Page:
English Language & Usage Stack Exchange is a question and answer site for linguists, etymologists, and serious English language enthusiasts. Join them; it only takes a minute:

Sign up
Here's how it works:
  1. Anybody can ask a question
  2. Anybody can answer
  3. The best answers are voted up and rise to the top

When the last day of registration is, let's say, 15 July, we currently say "please confirm your registration before 16 July" but students often send their confirmation on 16 July, rather than 15. I guess it's the date itself that's misleading.

share|improve this question
You should say "on or before 15 July". Completely unambiguous, at the cost of two extra two-letter words. – Peter Shor Aug 30 '12 at 2:34
Which is the more common form? What I've seen in many applications is like "register by September 15, 2012". – its_me Aug 30 '12 at 2:36
@its_me: "register by Sept. 15" implies that registrations can still be made on the 15th. On or before is quite common and, in the business world especially, both "on or before" and "by close-of-business (often abbreviated as COB) on" are frequently used. – Jim Aug 30 '12 at 3:18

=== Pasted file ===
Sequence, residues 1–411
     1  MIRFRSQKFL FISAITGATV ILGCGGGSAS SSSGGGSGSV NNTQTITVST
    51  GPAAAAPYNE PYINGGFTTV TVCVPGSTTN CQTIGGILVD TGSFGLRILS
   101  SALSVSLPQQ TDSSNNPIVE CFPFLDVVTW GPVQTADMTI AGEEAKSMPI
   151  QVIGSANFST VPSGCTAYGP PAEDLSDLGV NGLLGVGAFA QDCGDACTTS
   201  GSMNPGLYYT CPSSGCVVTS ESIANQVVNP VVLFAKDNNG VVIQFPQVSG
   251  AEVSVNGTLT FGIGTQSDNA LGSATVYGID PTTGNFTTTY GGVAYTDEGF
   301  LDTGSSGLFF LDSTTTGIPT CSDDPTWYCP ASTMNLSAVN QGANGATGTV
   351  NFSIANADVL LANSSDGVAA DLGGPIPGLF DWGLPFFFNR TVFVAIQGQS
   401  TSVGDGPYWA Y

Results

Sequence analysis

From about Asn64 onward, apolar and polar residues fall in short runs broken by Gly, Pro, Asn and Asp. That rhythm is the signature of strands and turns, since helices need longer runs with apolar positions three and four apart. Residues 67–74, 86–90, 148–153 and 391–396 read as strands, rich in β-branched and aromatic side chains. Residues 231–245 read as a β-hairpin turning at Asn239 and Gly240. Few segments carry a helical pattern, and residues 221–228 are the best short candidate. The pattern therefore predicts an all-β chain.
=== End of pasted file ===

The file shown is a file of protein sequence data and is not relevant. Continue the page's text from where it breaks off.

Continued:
Simpler to say "... no later than 15 July." – Robusto Aug 30 '12 at 3:35
This question can be improved by providing citations for references you consulted before posting the question. Consulting references and reporting the result is basic site etiquette. – MετάEd Sep 26 '12 at 3:30

As in the comments, a common form that is succinct yet unambiguous is:

Please confirm your registration no later than 15 July.

Another unambiguous option is:

Please confirm your registration on or before 15 July.

share|improve this answer

Your Answer


By posting your answer, you agree to the privacy policy and terms of service.

Not the answer you're looking for? Browse other questions tagged or ask your own question.